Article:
Written and illustrated by Lita Judge
A persevering penguin is determined to fly in this adorably inspiring picture book from The creator of Red Hat and Red Sled, now brings a story about a persevering penguin with a dream to fly. Although little Penguin has the soul of an eagle, his body wasn’t built to soar. But Penguin has an irrepressible spirit, and he adamantly follows his dreams to flip, flap, fly! Although he needs a little help with the technical parts, this penguin is ready to live on the wind and his friends step in to help him achieve his dream.
Food Allergies and Me: A Children
Written and illustrated by Juniper
This book provides an engaging and relatable experience for children who are beginning to learn about and cope with food allergies. The story follows the life of a food allergic child. As you follow Jack through a day of school, an allergist appointment, and the playground, young children will begin to understand the importance of identifying allergens, asking for help when unsure, and alerting an adult immediately should they experience symptoms of an allergic reaction. Jack’s confidence demonstrates to the reader that having a food allergy is not a stigma or shame. Rather, it is a safety issue made simple with the ability to self advocate. All children will benefit from social lessons taught, such as not sharing food, washing hands, and embracing one another's differences.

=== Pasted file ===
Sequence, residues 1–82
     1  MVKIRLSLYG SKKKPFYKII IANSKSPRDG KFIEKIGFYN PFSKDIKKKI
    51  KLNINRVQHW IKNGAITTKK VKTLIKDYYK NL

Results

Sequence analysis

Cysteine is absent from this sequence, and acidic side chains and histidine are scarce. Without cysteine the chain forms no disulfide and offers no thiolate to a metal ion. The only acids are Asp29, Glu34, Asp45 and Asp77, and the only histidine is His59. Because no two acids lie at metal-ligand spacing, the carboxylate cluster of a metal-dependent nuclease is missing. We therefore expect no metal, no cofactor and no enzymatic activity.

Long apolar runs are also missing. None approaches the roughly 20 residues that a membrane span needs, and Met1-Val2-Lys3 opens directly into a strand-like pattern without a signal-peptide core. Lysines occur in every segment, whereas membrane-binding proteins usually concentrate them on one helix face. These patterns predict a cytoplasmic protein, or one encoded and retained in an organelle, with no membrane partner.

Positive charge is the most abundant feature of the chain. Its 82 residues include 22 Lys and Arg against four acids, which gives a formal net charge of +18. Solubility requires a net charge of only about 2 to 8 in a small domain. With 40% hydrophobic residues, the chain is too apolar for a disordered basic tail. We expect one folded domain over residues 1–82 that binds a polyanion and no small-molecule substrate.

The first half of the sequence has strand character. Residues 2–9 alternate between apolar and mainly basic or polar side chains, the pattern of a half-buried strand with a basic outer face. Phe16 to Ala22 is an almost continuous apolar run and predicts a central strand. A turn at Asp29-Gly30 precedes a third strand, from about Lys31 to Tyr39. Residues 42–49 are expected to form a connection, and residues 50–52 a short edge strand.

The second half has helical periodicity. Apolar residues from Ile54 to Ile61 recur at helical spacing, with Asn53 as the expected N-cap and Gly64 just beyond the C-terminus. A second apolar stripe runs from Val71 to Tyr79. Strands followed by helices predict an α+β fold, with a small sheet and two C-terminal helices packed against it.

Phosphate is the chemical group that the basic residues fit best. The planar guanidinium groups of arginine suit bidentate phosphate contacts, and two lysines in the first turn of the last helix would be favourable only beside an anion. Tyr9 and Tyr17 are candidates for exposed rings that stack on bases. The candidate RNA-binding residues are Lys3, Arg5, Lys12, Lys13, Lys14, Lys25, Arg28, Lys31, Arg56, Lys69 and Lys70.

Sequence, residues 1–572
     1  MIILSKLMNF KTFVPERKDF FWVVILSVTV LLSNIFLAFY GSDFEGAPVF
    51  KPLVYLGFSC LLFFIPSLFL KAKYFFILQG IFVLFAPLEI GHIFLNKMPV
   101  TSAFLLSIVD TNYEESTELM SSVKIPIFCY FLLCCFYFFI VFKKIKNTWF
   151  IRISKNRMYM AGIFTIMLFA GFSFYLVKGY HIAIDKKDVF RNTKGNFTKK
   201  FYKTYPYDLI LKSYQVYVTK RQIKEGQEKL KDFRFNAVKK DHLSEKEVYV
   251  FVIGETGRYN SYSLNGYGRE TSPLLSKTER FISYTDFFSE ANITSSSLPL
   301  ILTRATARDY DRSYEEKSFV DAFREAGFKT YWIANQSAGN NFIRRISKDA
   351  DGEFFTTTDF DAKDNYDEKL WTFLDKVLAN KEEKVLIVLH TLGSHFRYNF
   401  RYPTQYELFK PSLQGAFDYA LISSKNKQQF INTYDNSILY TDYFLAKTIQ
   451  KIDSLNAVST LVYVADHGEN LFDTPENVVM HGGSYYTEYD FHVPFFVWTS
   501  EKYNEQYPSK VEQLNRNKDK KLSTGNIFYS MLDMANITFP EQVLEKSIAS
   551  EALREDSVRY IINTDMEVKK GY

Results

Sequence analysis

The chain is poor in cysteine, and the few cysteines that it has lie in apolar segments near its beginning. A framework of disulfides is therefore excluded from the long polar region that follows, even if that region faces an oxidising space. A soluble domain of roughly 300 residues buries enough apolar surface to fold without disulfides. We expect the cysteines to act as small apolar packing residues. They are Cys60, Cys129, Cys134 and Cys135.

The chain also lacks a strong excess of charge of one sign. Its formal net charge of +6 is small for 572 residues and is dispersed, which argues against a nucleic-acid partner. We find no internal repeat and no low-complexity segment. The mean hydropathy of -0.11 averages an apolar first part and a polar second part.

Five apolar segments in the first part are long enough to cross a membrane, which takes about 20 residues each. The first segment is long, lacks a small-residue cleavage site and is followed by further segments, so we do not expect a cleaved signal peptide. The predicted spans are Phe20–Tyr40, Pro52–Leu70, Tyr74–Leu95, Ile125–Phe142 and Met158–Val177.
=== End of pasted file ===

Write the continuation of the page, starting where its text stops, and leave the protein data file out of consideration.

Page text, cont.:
Do Unto Otters: A Book About Manners
Written and illustrated by Laurie